We looked at Appcelerator when starting our Android project. We knew we would have to do an iOS client next, so Appcelerator was enticing.
We decided not to go that route because it doesn't support all the native features of each device.
For example, we decided early on that our user interface in Android would need a widget. No support for that in Appcelerator, as it's specific to Android. [This was a few months back -you may want to check again].
Compromising on the user interface was too much for us. We decided to go with C/C++ for the app logic and use Android SDK for the user interface.
Our apps now have two pieces: C/C++ as much as possible to the "brains" and the native (Android/Cocoa Touch) for the UI to take advantage of the UI experience.
Works of course for platforms that can integrate C/C++.
The parting advice: design your user interface first, then find a tool that can implement it. Users have high expectations of the UI in portable devices. Compromising on it early on may be the KOD for your project.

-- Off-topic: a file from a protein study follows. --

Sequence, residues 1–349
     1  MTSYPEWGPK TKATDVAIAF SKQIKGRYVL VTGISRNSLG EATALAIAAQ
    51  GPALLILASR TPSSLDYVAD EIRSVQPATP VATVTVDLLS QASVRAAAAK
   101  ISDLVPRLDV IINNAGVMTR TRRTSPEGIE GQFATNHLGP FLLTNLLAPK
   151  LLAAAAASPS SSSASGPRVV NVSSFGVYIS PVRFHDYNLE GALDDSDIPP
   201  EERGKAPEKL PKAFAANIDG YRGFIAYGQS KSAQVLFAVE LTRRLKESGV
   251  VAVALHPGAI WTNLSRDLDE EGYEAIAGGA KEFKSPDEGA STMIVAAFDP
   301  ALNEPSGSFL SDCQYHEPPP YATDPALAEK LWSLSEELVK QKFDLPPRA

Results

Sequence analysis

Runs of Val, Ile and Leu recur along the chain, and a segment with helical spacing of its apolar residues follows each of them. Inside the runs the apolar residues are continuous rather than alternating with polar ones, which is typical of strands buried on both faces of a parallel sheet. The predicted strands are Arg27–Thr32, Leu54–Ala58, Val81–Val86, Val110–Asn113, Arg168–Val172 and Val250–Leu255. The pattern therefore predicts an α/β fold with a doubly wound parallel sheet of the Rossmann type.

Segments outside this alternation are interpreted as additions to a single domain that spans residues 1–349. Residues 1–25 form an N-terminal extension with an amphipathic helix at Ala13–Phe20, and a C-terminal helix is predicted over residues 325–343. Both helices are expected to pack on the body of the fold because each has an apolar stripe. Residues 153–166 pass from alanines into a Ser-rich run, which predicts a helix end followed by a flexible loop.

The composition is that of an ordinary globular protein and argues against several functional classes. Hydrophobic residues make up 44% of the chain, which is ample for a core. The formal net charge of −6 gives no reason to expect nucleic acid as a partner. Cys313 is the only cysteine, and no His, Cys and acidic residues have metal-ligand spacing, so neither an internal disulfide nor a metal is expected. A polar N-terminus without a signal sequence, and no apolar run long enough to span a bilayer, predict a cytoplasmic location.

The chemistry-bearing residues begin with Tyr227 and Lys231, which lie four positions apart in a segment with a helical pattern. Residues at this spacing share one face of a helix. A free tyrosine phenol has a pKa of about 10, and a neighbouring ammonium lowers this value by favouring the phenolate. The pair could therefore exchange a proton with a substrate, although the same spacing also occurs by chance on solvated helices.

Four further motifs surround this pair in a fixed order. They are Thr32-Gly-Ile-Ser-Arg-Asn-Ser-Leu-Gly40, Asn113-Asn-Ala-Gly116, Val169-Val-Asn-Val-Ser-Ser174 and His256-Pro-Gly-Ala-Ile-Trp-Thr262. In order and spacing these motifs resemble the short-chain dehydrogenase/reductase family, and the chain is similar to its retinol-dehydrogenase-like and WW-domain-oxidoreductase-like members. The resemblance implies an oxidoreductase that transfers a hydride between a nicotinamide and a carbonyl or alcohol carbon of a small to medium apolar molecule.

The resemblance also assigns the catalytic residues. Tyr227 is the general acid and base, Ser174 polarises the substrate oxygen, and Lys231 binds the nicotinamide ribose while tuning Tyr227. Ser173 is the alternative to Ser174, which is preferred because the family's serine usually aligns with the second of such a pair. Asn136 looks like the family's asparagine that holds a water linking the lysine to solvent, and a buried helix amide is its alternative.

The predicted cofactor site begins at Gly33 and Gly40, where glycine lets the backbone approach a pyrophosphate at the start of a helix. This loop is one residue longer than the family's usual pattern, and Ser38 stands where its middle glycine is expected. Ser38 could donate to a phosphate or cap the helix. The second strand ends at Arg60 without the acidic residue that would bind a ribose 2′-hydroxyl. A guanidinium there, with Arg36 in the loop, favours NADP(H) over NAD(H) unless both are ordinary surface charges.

[EDIT] Every so often I see an upvote for this question. I would like to update with what we learned in the past two years:
- Using C/C++ for the common parts of our application has paid off. It does require a slightly more complicated build process, but the savings are gigantic if the piece of code being shared is complex (as in our case).
- For the user interface piece we are beginning to look into hybrid apps (some UI elements in HTML). There are still debates out there about HTML interfaces (Facebook and LinkedIn are two that move to native code for the UI), but also some reports that when chosen carefully it works. There is a great talk from Flipoard on that; with slides here.
In March/2014 Smashing Magazine published an excellent article comparing native iOS, native Android, PhongeGap (Cordova) and Appcelerator Titanium. They show the development of a simple app in each environment.
This is the last part of the series. At the top of this part there are links to the previous parts of the series and at the bottom there is the comparison of the approaches. There are also interesting comments from readers at the end.